When he arrived in Houston, Kalule first had to dispose of Mugimba, the witch doctor imported air-express from Uganda to drum up publicity. Mugimba was the brainchild of Irving Rudd, an Arum press agent. Rudd found his man by calling the Ugandan Mission to the U.N.
"Irving Rudd here," he said to Roy Magara at the Mission. "I'd like to talk to you about Ugandan cultural things. Do you have a witch doctor?"
Magara mentioned Mugimba, a Catholic with six kids who had given up pumping gas to run a coffee plantation. They flew him in for $1,500. When he arrived, Kalule told him to get lost.
Kalule is a member of the Baganda tribe, Uganda's most prominent, and speaks four languages. "I am embarrassed," he said. "Why do they do this to me, like I am a fool? I didn't just come out of the jungle. Take him away."
Hearns was on the card as part of the deal for Leonard-Hearns in the fall. Only a 10-rounder, pick your own opponent, Emanuel Steward, Hearns' manager and trainer, was told. He dipped into the unknowns and found Baez. Then he thought. Why should Hearns play preliminary to Leonard's main event? He suggested they make Hearns-Baez a title fight. Arum said it sounded good.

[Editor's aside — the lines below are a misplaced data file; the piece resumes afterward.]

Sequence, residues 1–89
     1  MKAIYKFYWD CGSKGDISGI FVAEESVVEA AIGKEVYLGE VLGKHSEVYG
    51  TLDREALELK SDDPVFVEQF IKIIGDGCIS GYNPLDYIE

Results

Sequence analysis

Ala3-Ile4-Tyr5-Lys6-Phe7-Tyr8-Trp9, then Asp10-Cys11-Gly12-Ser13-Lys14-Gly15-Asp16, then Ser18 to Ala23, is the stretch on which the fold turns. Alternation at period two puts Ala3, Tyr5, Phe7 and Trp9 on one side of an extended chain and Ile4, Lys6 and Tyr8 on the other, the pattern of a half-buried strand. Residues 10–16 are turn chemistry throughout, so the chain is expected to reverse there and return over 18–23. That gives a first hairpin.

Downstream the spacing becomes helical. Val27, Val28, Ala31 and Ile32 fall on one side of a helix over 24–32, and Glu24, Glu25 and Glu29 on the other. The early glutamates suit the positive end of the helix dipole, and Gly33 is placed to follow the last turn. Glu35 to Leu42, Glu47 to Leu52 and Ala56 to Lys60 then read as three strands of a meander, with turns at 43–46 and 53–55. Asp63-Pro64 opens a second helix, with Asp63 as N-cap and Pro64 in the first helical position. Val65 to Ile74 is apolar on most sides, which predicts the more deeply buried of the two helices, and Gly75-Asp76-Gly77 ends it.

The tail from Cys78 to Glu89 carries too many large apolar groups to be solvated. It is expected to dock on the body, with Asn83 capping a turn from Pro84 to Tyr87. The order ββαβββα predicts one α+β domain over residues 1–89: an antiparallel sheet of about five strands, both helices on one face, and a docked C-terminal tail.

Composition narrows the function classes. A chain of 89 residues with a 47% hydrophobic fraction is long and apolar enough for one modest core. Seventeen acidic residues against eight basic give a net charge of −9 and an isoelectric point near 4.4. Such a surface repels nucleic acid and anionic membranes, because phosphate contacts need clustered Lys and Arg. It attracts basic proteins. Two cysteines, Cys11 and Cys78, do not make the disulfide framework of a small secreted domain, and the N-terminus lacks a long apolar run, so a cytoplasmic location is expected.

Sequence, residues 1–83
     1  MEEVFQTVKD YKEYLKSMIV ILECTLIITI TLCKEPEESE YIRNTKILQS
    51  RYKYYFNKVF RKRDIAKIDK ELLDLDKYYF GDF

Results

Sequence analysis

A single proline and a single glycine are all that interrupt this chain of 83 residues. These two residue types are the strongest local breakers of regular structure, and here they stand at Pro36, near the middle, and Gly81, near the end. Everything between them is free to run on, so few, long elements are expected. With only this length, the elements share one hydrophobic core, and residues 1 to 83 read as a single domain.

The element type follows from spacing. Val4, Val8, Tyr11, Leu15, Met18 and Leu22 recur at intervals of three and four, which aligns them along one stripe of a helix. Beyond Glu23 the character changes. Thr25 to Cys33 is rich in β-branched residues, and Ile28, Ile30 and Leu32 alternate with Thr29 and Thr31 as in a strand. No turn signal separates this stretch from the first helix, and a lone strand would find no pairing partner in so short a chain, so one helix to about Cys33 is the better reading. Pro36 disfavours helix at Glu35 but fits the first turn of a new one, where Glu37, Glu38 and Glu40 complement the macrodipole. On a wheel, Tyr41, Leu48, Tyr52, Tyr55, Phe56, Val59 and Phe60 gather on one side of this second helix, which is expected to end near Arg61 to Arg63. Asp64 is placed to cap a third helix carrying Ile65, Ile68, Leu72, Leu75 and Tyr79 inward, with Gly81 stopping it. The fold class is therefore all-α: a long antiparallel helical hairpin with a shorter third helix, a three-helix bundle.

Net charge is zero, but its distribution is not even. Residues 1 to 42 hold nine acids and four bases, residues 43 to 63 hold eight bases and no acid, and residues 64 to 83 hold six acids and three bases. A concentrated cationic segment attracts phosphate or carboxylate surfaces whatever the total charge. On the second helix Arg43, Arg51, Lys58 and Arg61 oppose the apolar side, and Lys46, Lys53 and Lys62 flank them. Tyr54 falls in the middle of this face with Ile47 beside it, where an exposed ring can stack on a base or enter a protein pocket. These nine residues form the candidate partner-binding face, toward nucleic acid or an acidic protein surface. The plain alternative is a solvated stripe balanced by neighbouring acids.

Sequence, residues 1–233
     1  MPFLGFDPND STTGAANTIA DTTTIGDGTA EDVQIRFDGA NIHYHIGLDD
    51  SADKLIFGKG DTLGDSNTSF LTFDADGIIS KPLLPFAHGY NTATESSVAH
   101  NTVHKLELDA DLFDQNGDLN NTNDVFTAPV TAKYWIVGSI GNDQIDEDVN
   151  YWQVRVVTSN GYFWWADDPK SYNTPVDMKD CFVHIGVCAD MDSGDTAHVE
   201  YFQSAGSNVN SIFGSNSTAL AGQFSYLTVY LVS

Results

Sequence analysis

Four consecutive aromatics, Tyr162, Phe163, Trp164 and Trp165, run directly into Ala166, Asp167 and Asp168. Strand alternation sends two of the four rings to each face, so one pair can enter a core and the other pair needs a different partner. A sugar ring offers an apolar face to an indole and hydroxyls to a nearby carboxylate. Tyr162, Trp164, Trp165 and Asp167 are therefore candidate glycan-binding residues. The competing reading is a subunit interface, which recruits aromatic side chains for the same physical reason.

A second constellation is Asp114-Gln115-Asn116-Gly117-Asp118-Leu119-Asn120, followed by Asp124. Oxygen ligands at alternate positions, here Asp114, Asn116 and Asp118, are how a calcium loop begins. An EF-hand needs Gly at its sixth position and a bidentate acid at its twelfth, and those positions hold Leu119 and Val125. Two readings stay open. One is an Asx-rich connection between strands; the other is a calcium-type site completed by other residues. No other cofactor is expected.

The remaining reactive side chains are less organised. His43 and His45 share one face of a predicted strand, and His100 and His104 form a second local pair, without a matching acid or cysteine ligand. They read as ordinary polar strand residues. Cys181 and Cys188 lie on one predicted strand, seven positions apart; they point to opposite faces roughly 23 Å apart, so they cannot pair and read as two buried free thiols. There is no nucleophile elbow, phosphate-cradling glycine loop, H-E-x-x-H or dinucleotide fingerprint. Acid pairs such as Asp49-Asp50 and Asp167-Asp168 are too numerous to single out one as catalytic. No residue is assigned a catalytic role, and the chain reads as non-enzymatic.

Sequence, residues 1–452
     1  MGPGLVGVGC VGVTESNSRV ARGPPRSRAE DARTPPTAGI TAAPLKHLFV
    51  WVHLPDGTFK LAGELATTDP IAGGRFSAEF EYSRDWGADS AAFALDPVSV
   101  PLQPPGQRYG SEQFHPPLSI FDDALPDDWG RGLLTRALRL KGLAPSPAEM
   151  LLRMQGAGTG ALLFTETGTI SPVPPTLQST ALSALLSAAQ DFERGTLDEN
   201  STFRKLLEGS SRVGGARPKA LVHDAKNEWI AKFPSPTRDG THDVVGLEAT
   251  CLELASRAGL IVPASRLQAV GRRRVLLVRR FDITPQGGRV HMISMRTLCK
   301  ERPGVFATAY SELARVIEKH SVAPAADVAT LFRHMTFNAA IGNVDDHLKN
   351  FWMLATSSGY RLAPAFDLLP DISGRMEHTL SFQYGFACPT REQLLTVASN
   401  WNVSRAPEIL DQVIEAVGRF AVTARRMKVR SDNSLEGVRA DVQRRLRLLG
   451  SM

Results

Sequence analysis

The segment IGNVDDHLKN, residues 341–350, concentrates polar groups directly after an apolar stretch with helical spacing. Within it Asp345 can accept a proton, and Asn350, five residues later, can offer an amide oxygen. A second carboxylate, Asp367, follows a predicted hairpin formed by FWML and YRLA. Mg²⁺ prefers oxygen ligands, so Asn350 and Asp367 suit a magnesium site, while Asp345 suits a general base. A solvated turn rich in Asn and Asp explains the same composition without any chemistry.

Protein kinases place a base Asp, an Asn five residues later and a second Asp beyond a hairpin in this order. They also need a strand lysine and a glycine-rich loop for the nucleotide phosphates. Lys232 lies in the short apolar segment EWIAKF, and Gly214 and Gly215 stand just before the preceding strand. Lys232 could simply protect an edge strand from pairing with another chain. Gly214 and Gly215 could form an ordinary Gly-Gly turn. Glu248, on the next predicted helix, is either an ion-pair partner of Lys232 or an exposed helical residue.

"Then if it's a title fight we'll want more money," said Steward.
"No," said Arum, who could see red ink oozing from the closed circuit.
Trainer solved that. "Take $100,000 off Ray's purse and give it to Hearns," he said, not wanting a trifling hundred grand to threaten the September payday.
Now Steward demanded that Hearns get equal billing on the Houston fight posters. Trainer said he didn't care: "They're still going to look at Ray anyway," he said.
The final point was which fighter would go on last. Steward wanted it to be his man until he was told that if Hearns fought last, no one would see him because the media would be talking to Leonard. Steward then saw the light, insisting only that "they play the national anthem before our fight."